Another strong contender is the Swedish CV9035 MKIII, designed by Hagglunds and currently built by BAE Systems. The first deliveries of the CV-90 were in 1993, and since then, more than 1,000 have entered service in countries like Denmark, Norway, Finland and the Netherlands, as well as Sweden. As a tracked vehicle, the CV-90 has some distinct mobility advantages, matching the Leopard 2 over varied terrain. But that does come with a cost. For the CCV program, the CV9035 will have a powerful 35 mm Bushmaster cannon. In its more modern versions, BAE has increased the vehicle’s operational range and speed with a high torque V8 diesel engine which can reach speeds of 70 kilometres per hour and travel up to 900 km. The stronger engine has ensured that the power-to-weight ratio remains largely the same, despite an increase from 23 to 35 tonnes due to greater protection.

The wild card in the competition might be the General Dynamics European Land Systems Piranha 5. Designed by the Swiss, this 8×8 wheeled vehicle will have a 30 mm Lance modular turret system from Rheinmetall Canada. Like the VBCI, it would be less expensive to buy and operate. Unlike its competitors, the Piranha 5 has not yet been purchased by any country’s armed forces. As the makers of the LAV III, however, the GDLS–Canada brand does carry a lot of clout with the Canadian government. This could be a moot point since all three manufacturers plan to build their vehicles in Canada. The Piranha 5 has a range of 550 kilometres and can hits speeds of 100 kilometers per hour with a 580 horse power diesel engine.

So, a wheeled or a tracked vehicle? A decision on the CCV program is expected in the coming months.


Technology transfer
Canada stands to benefit from a range of new technological skills should the DEW Engineering and Development and BAE Systems team win in its bid to build and service the Close Combat Vehicle program.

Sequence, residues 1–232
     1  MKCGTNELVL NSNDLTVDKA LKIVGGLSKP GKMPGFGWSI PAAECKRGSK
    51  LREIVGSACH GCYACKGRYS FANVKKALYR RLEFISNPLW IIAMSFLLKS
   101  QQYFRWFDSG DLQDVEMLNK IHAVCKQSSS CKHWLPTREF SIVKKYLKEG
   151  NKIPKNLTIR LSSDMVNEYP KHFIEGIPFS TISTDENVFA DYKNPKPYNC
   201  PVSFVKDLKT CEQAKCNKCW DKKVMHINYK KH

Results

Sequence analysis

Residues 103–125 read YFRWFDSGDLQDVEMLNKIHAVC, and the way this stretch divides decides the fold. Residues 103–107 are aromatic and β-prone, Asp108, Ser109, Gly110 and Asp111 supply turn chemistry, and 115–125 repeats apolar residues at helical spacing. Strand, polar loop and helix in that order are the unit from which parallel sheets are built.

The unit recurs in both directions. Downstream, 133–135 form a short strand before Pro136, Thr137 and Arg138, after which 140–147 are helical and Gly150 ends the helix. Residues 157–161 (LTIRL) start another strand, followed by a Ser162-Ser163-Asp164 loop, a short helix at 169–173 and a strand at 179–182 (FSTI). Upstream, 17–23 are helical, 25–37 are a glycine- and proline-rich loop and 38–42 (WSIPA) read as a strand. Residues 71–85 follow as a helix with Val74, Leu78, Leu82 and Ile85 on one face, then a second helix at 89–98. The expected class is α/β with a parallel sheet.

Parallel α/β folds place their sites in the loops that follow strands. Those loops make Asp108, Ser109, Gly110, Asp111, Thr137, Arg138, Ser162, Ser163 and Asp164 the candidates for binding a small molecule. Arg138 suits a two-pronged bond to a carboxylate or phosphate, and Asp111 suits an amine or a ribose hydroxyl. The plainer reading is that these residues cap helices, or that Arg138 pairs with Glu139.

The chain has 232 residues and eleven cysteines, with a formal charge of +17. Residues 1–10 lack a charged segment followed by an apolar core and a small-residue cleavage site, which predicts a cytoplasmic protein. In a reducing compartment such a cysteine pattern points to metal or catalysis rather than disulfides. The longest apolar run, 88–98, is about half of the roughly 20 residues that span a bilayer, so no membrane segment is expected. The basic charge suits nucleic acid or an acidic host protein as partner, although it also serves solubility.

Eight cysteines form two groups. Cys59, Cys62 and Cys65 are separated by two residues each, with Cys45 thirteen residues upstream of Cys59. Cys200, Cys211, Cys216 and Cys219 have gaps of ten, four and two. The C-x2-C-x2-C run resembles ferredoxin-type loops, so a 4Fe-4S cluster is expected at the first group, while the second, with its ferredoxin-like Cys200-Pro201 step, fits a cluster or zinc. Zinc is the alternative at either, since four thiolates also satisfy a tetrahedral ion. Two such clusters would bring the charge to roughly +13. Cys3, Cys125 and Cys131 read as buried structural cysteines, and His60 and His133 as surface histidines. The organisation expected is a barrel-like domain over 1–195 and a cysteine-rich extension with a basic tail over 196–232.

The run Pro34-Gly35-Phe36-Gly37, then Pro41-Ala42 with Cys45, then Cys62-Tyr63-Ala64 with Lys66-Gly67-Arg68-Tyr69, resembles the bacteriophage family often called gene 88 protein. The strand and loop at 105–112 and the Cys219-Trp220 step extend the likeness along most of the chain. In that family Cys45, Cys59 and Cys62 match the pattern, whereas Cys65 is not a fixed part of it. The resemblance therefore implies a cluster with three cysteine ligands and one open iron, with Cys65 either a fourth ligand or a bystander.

“This program is a natural evolution for us to build on skills we developed in the past, to introduce us to new technology and new skills, and to prepare our Canadian team for challenges ahead,” said Ian Marsh, president of Ottawa-based DEW, in reference to the lengthy historical partnership between the two companies.

DEW would do final assembly of BAE Systems’ CV9035 MkIII, as well as integration and testing, including the highly sophisticated turret system. DEW would also provide in-service support for the platform. Some of the CV90 component manufacturing and welding would be conducted at DEW’s Ottawa facility, but the turret installation would take place at its plant in Mirimichi, New Brunswick. The program would also involve additional Canadian companies.

According to DEW’s operations manager, Mike Harris, who tested the vehicle in Europe, “this is a proven, low-risk program and we have already started to benefit from the knowledge transfer and expertise of BAE Systems and its business partners.”

DEW has completed several projects for the Canadian Army, including repair and refit work on the Army’s light armoured vehicle fleet and major upgrade tasks on the Leopard 1C2 tanks, as well as a multi-year life extension program for the M113 family of vehicles.